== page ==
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  • Oral presentation
  • Open Access

YIM-O13. Development of novel protein biomarkers for the prediction of response to treatment in juvenile idiopathic arthritis

  • 1,
  • 1,
  • 2,
  • 2 and
  • 1
Pediatric Rheumatology201412 (Suppl 1) :Y1

https://doi.org/10.1186/1546-0096-12-S1-Y1

  • Published:

Keywords

  • Juvenile Idiopathic Arthritis
  • Fold Difference
  • Juvenile Idiopathic Arthritis Patient
  • Serum Pool
  • Label Free Quantitation

Introduction

Standard management of Juvenile Idiopathic Arthritis (JIA) is heavily dependent on the use of methotrexate (MTX), which induces clinical benefit in about 65% of patients. We have previously demonstrated that children with high serum levels of MRP8/14 protein prior to starting MTX have a high chance of good response to MTX. However, among children whose MRP8/14 serum levels are moderate or low, prior to MTX, some respond well whilst others respond poorly to MTX. We have taken a proteomics approach to identify novel biomarkers present in serum prior to treatment that correlate with response or non response to MTX.

Objectives

The aim of this study was to identify novel protein biomarkers in serum from JIA patients to help and inform the clinicians at time of diagnosis whether the patient is likely to respond well to MTX.

Methods

Blood serum samples and clinical data were obtained from 83 JIA patients from the Childhood Arthritis Response to Medication Study (CHARMS) before starting MTX treatment. The study has full ethical approval and consent. To assess clinical response to medication, core set variables and Definition of Improvement (DOI) for JIA was used, comparing data at 0 and 6 (range 4-8) months. MRP8/14 was measured in these patients and used to classify cases into three groups: non-responders, responders with low MRP 8/14 levels pre MTX, and responders with high MRP 8/14 levels pre MTX. To screen for proteins which distinguish future MTX non-responders from responders, 5 serum samples from age-matched patients from each group were pooled; pooled samples were enriched for low abundant proteins, and fractionated on a 1D PAGE. Proteins were identified and quantified by Mse- label free quantitation and analysed using Nonlinear Dynamics Progenesis LC-MS software for differential expression.

Results

A total of 648 unique proteins were identified in serum pools (just prior to commencing MTX treatment). Patients were defined as responders, R (those reaching ACR50 or above) or non-responders, NR (reaching only ACR30 or below). Forty proteins were found to be differentially represented in the serum pools, using a level of >2 fold difference between MTX responders and non-responders. This group included 26 proteins with high abundance in the responder group and 14 proteins with high abundance levels in the non-responder group. Using a more stringent cut off of fold difference > 4 identified 12 proteins that showed a significant difference between R and NR groups. In contrast to our previous data with MRP8/14, these 12 novel biomarker proteins were highly differentially expressed in serum of both the groups of responders (i.e. MRP high and MRP low responder groups), compared to NR cases, prior to MTX use. This indicates that these protein biomarkers may function to distinguish R from NR patients more efficiently than the MRP8/14 biomarker.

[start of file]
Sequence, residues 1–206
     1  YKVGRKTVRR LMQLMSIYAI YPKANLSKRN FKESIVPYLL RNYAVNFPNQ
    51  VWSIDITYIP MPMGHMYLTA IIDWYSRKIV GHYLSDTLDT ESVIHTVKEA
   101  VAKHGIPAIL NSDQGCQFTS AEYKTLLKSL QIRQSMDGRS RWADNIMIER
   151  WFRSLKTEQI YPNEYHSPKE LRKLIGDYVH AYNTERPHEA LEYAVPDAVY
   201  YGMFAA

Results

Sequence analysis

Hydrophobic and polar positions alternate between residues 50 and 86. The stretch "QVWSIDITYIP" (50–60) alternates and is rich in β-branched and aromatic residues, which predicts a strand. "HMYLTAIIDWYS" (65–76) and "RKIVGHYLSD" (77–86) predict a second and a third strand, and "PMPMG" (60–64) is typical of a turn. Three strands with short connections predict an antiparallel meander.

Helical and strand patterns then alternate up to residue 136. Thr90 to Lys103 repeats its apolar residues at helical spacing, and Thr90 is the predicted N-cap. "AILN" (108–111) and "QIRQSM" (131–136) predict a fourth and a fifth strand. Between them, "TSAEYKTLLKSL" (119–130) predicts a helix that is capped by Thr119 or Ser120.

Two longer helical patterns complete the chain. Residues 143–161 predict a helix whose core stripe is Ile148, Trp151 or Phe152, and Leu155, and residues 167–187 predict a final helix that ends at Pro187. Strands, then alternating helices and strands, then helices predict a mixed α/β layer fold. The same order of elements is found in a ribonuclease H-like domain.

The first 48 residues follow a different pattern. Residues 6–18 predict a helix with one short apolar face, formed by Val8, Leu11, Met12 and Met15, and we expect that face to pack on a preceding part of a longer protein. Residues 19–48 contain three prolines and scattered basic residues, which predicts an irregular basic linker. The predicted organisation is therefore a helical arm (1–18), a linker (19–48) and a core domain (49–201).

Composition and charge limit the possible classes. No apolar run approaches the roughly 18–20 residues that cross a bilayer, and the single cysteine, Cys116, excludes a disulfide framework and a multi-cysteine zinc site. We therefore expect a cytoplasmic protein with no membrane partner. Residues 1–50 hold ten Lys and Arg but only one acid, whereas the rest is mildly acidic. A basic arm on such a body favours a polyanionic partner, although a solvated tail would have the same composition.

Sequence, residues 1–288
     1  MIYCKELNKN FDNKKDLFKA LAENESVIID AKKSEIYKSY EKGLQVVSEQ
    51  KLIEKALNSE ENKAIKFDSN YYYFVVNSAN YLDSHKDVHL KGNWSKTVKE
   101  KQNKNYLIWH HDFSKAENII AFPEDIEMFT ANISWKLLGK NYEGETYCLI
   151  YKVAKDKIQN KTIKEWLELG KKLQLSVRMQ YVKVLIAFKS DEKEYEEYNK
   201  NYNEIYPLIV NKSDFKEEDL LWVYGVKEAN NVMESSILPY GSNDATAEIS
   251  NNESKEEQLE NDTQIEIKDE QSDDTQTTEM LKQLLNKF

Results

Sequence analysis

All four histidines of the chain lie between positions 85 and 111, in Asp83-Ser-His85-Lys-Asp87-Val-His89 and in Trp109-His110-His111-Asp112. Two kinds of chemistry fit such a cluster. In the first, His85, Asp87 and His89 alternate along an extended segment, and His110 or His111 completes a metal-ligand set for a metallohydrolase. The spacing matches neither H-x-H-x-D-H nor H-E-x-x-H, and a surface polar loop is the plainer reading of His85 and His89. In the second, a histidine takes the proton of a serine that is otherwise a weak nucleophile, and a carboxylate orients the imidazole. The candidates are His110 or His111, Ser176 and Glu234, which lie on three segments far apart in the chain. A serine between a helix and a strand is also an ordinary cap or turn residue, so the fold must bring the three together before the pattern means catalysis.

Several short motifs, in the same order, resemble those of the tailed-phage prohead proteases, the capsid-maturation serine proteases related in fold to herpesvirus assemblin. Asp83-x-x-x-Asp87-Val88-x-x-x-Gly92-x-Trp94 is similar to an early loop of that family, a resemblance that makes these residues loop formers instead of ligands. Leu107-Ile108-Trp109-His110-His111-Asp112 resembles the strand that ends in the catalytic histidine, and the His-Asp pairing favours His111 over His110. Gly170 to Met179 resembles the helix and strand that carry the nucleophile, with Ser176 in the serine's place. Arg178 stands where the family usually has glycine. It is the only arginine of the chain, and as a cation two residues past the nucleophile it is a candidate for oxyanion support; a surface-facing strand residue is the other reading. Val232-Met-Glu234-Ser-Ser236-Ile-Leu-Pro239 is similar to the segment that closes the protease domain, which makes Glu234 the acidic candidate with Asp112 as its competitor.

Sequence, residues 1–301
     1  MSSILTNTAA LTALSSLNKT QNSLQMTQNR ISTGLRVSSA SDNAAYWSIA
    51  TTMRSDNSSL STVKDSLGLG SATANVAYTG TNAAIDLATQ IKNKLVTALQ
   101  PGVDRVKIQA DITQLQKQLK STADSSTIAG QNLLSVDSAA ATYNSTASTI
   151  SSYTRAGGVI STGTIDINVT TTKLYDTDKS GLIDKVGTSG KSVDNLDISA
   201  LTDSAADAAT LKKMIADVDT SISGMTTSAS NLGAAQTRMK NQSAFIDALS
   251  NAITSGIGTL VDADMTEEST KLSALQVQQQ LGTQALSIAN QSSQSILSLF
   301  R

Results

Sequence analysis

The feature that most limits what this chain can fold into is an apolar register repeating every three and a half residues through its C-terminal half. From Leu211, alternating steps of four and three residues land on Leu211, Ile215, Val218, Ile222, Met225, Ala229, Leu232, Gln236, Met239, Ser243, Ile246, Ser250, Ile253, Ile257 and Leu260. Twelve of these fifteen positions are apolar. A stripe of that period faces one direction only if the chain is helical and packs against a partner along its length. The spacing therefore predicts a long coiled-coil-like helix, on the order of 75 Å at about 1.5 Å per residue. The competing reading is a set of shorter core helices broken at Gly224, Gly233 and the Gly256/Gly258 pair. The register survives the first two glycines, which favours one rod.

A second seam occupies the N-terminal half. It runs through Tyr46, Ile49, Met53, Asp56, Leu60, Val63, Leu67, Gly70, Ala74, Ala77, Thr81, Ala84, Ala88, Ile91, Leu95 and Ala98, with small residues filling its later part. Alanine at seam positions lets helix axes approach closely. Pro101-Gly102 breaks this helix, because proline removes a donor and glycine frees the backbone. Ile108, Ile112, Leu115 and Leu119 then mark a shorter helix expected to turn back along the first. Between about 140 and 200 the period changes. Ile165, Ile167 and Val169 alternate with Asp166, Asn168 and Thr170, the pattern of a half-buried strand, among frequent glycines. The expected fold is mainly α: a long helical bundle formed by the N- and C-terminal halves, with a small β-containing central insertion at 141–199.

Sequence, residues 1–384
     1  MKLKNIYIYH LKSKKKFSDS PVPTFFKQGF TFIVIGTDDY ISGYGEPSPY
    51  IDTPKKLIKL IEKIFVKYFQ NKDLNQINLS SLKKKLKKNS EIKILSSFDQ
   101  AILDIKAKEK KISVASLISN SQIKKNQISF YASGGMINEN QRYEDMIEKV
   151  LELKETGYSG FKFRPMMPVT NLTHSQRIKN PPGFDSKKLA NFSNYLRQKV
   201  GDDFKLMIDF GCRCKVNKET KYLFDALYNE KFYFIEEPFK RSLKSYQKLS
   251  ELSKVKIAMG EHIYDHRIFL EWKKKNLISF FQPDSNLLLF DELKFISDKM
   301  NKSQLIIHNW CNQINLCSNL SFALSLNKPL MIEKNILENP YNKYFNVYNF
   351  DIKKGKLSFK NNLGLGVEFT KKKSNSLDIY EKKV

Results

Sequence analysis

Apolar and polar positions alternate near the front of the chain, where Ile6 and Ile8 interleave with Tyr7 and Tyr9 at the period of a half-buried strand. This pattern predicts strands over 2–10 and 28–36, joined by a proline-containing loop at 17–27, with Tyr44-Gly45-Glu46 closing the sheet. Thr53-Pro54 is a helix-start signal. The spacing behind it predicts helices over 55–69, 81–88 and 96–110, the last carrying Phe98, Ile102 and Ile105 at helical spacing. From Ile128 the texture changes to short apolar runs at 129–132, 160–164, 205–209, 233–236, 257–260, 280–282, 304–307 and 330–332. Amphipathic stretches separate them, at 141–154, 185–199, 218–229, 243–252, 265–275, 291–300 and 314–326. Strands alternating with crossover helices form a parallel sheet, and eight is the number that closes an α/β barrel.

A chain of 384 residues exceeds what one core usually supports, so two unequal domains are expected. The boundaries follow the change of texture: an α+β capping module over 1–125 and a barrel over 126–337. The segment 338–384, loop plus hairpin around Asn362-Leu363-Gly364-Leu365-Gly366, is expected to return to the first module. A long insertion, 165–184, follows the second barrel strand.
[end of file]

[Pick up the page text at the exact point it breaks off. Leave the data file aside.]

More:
Conclusion

This study has identified a number of potential novel protein biomarkers which may be able to discriminate between patients who will respond or those who will fail to respond to MTX, when measured prior to starting the treatment. Forty protein biomarkers were able to significantly differentiate between response and non response. Using a higher cut off of >4 fold difference produces 12 proteins that we envisage to be more reliable than MRP 8/14 for predicting response. Further testing and analysis of these proteins is required to validate those which can most reliably recognise patients who will respond to MTX therapy, or those who will fail to respond.

Disclosure of interest

None declared

Authors’ Affiliations

(1)
Infection, Immunity, Inflammation and Physiological Medicine Programme, Infection, Inflammation and Rheumatology Section, Institute of Child Health, London, UK
(2)
Centre for Translational Omics, Institute of Child Health, London, UK

Copyright

© Palman et al; licensee BioMed Central Ltd. 2014

This article is published under license to BioMed Central Ltd. This is an Open Access article distributed under the terms of the Creative Commons Attribution License (http://creativecommons.org/licenses/by/4.0), which permits unrestricted use, distribution, and reproduction in any medium, provided the original work is properly cited. The Creative Commons Public Domain Dedication waiver (http://creativecommons.org/publicdomain/zero/1.0/) applies to the data made available in this article, unless otherwise stated.

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